AI buses driverless cars edinburgh scary taxi transport Your days of thanking a human driver when getting off a city bus may be coming to an end. This week The Guardian reported that the UK’s driverless vehicle initiative will result in autonomous buses in Edinburgh as early as next year. The trial of driverless vehicles will be launched in Edinburgh and London, with a fleet of five driverless buses servicing an Edinburgh to Fife route, and driverless taxis cruising around in London.
The Edinburgh to Fife driverless bus program will begin as a pilot next year, with emergency drivers on board, ready to take over in case of emergencies. The program hopes to have the service fully operational and fully autonomous by 2021.
The public perception of driverless vehicles is complicated. Strong cases can be made for and against the dehumanisation of public transit; however, the argument may be a classic case of pitching data-driven facts against emotional rhetoric.
The case against autonomous vehicles.
If you called a taxi today, and a car rolled up with no one in it and popped open a door on its own, you would most likely be a little uneasy getting in the car. Most people feel this way. In fact, Reuters has reported that up to 73 per cent of people feel uncomfortable with the idea of self-driving cars.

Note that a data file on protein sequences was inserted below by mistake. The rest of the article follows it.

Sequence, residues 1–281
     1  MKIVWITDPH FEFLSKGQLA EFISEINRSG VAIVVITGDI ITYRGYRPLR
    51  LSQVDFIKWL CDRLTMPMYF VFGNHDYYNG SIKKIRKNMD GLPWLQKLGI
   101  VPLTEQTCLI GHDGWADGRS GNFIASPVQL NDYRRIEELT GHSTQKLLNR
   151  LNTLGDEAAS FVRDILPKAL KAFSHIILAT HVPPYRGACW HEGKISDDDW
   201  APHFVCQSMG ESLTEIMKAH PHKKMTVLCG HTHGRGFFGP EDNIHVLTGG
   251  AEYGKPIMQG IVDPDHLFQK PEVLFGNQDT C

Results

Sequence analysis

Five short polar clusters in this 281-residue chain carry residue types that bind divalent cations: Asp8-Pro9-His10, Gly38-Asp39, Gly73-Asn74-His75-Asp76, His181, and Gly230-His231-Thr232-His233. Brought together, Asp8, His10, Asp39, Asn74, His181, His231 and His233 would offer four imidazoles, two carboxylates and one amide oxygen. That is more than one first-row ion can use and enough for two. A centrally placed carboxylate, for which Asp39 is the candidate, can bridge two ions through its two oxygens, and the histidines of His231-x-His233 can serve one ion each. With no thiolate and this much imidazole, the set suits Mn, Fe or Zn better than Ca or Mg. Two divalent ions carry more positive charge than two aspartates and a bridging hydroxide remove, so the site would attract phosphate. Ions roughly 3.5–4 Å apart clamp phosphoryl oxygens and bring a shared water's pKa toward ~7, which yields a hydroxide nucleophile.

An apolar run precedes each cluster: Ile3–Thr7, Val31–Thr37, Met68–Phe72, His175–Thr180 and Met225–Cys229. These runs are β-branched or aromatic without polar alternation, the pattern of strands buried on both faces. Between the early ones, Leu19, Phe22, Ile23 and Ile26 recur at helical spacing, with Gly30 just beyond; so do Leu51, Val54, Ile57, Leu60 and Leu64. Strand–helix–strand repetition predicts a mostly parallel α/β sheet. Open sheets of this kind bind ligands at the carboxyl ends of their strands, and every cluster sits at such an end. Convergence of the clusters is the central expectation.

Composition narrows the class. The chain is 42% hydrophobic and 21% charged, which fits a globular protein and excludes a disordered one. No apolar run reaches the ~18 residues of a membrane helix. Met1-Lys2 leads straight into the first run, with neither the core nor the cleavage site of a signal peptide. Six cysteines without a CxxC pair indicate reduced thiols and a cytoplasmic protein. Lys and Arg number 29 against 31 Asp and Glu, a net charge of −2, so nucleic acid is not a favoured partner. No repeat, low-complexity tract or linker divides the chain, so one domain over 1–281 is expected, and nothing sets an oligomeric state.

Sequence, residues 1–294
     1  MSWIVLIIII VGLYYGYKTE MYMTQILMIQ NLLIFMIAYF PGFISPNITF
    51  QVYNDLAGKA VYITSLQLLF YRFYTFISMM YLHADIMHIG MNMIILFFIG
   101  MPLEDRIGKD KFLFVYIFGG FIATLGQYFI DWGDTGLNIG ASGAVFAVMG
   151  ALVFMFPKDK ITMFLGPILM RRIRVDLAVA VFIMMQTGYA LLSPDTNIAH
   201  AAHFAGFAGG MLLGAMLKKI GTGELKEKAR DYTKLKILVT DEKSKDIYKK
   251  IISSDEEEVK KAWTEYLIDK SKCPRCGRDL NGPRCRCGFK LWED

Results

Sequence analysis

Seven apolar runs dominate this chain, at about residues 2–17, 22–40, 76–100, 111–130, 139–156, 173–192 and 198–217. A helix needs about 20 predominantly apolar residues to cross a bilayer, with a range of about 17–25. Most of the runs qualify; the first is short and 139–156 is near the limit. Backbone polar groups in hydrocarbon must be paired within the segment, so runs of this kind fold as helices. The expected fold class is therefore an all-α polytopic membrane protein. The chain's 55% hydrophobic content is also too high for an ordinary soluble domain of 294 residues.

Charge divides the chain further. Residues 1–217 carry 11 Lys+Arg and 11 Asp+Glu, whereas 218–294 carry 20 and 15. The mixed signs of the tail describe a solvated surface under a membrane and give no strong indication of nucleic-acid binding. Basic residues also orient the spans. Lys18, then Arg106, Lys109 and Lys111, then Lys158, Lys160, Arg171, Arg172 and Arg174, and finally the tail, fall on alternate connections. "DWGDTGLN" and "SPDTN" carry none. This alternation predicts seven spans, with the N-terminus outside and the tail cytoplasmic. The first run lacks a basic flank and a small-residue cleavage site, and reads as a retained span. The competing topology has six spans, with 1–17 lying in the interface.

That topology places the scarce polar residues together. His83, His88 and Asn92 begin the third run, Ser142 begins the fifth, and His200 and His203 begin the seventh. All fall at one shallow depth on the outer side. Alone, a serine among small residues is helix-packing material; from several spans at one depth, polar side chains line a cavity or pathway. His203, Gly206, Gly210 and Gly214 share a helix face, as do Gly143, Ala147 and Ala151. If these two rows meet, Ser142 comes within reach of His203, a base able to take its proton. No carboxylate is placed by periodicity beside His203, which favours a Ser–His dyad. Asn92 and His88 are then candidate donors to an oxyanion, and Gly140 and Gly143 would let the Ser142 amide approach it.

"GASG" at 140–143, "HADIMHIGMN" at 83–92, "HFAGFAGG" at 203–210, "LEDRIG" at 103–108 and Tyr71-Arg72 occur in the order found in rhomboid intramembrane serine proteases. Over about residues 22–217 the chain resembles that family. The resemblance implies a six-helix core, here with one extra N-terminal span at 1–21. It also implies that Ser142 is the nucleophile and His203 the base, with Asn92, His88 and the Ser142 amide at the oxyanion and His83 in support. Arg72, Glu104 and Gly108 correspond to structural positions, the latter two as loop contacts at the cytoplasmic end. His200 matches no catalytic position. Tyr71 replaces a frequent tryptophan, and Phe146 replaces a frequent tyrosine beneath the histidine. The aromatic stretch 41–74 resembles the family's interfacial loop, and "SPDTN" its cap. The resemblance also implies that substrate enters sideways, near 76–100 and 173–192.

The threat of mechanical glitch and lack of control looms large in the minds of most people. It is unsettling to think that if another driver swerves into our lane, we will be unable to recognise the situation and react accordingly. Leaving that responsibility up to an algorithm comes across as particularly problematic. This nightmare scenario was realised in March of 2017 when the first fatal crash occurred with an autonomous vehicle.
Furthermore, there are […]